Financial literacy counts
Growing up in a community with or without banks or financial institutions has a
long-term effect on how you build and manage credit, according to a new Iowa
State University study. Early exposure to local banking increases financial
literacy and trust. The research shows individuals who grow up in what are
essentially ‘financial deserts’ are slow to apply for credit and as adults have
lower credit scores and more delinquent accounts. The research is published in
the Journal of Financial Economics.
People who grow up in community with no or few financial institutionsare 20 percent less likely to have a credit report, have 7 to 10 point lower credit scores and have 2 to 4 percent higher delinquency rates.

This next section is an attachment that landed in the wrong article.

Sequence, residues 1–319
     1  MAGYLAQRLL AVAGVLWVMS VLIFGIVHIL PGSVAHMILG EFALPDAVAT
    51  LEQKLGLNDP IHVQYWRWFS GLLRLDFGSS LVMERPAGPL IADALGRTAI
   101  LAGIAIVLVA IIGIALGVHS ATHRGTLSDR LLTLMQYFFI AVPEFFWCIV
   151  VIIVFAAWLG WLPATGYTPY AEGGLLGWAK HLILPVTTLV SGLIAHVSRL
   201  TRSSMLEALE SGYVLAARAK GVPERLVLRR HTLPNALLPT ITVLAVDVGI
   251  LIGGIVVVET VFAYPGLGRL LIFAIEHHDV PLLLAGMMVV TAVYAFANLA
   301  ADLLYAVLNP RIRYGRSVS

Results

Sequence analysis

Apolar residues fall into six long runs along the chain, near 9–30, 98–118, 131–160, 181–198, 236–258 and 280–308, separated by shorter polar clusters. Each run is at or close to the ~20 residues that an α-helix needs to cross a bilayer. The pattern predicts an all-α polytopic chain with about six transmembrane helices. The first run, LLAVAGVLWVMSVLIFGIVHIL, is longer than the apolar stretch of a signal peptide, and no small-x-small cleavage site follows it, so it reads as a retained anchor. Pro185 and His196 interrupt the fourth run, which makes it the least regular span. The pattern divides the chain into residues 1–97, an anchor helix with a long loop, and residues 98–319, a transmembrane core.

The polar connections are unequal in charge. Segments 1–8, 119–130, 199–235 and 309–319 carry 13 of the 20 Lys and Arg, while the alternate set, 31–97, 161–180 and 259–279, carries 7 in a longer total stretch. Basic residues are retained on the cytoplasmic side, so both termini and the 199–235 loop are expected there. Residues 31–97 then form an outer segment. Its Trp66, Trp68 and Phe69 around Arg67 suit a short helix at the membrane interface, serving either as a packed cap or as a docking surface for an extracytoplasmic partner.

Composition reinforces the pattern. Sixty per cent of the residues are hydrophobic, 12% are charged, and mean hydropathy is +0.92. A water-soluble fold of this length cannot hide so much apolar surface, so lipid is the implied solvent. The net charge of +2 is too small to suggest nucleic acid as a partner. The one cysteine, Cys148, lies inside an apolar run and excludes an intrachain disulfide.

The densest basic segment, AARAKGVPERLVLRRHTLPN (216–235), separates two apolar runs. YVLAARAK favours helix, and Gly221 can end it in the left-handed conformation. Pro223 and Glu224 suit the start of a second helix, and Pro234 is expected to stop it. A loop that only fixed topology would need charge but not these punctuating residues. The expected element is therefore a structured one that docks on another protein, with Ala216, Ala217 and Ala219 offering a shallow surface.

It takes approximately 17
years to overcome the negative effect on credit scores and 12 years to reduce
delinquency rates. Researchers also looked at data on mandated financial
literacy training in high schools across different states and found that
formative exposure to financial markets improves financial literacy and trust
in financial institutions.